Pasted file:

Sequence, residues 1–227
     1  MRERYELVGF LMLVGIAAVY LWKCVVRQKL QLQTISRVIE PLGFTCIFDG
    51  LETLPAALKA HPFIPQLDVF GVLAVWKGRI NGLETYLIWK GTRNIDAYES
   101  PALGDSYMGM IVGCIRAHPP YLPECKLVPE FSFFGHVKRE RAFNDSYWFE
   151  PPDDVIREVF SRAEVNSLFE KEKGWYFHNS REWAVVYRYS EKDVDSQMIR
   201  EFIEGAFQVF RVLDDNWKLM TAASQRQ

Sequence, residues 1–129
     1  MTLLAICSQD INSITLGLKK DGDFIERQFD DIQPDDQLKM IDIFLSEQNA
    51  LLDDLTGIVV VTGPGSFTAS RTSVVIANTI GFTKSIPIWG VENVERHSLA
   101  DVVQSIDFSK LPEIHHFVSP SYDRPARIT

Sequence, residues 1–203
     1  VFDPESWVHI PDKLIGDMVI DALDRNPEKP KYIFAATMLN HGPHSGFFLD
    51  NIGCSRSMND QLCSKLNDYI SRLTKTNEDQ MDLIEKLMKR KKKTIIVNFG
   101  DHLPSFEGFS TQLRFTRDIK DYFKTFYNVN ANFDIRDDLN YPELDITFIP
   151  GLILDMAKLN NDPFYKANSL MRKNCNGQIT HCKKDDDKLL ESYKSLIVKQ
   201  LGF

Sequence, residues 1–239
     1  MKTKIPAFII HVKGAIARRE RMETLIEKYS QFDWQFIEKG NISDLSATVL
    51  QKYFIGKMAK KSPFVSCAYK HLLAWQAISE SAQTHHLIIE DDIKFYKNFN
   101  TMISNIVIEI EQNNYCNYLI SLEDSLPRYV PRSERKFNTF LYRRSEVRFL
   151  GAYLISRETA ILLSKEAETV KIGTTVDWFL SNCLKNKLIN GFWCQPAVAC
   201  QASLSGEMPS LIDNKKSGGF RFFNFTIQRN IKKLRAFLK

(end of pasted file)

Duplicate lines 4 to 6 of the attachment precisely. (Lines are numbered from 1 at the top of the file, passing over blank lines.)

   101  PALGDSYMGM IVGCIRAHPP YLPECKLVPE FSFFGHVKRE RAFNDSYWFE
   151  PPDDVIREVF SRAEVNSLFE KEKGWYFHNS REWAVVYRYS EKDVDSQMIR
   201  EFIEGAFQVF RVLDDNWKLM TAASQRQ